“The Presentation on Egypt”
by Camille Bordas
from the May 20, 2019 issue of The New Yorker

“The Presentation on Egypt” is the third time Camille Bordas’s fiction has appeared in The New Yorker. While there are several authors who appear several times, this is particularly exceptional because Bordas was writing in French until she moved to the United States in 2012. Her debut English-language novel, How to Behave in a Crowd, was published in 2017, following two novels she wrote in French. For the most part, the two stories she has already published in The New Yorker were received well by readers here; here’s the post for “Most Die Young,” and here is the post for “The State of Nature.”

I think, without having read the entire story yet, that “The Presentation on Egypt” will also be well received. I think Bordas knows what she is doing.

It wasn’t his job to explain it over and over, to sit the families down and say, “The husband/the brother/the son you knew is no more, it’s only machines breathing for him now, and you wouldn’t be letting him go, because he’s already gone.” He was the surgeon, not the organ-donation person, not the social worker, not a friend. His job was to say it once. Once was often enough — families would unplug a loved one within a few hours. But certain people required extra attention. TV shows he’d heard of (TV shows his own wife watched) had led some to believe that desperate cases were never that desperate, that all you had to do, really, was to keep asking the surgeon, and the surgeon, because you kept him focussed and engaged in the case, would suddenly light up, go to the lab for half a day, find a solution to reverse your loved one’s vegetative state, and hug you warmly at the end of it all.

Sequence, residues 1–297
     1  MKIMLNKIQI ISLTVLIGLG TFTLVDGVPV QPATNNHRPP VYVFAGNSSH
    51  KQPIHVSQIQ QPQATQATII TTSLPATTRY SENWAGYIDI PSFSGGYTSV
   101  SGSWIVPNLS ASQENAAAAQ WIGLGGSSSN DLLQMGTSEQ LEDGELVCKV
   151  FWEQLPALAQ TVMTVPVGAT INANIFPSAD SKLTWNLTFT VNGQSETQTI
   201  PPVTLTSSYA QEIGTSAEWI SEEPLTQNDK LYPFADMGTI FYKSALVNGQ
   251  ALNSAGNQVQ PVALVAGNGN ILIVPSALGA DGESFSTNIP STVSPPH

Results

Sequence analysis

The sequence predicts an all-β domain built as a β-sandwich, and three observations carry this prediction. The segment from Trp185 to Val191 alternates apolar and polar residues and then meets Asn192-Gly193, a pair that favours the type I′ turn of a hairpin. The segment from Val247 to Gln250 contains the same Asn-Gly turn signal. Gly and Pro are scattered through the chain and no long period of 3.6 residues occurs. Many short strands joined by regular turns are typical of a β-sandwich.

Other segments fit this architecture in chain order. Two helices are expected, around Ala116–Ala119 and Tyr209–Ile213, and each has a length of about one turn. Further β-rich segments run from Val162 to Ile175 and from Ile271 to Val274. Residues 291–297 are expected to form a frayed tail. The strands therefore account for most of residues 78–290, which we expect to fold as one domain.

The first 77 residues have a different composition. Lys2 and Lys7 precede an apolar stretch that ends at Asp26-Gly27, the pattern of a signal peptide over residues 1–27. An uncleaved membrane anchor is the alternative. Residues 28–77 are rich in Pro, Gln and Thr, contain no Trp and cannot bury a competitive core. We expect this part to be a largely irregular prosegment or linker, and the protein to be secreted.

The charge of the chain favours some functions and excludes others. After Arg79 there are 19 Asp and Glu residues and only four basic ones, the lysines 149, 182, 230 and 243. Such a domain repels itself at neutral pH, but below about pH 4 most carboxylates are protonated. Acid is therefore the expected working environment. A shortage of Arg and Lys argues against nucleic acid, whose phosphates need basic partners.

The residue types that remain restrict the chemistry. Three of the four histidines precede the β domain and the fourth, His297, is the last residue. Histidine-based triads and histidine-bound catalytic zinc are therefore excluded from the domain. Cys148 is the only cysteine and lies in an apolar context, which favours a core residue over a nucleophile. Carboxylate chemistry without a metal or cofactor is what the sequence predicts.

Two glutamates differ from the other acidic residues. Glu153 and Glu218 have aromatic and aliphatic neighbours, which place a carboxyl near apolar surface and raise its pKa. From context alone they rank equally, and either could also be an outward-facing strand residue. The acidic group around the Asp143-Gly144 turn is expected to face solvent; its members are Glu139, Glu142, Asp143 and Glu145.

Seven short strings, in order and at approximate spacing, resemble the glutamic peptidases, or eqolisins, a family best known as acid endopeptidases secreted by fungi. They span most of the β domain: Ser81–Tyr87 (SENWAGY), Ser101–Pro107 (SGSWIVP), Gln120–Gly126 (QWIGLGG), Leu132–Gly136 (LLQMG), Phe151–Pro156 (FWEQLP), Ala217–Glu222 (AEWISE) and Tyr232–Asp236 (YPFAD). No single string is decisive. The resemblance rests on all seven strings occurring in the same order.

The doctor considering his role here is Paul. By the end of this short first segment, in which he tries to matter-of-factly help a grieving wife turn of her husband’s machine, Paul will have hanged himself. The story then shifts to Anna, Paul’s wife, and Danielle, Paul’s nine-year-old daughter, in the aftermath.

Please let us know what you thought of the story. Once I finish it, I think it’ll be time for me to seek out Bordas’s novel. Have any of you read it? If not, does this story make you want to?

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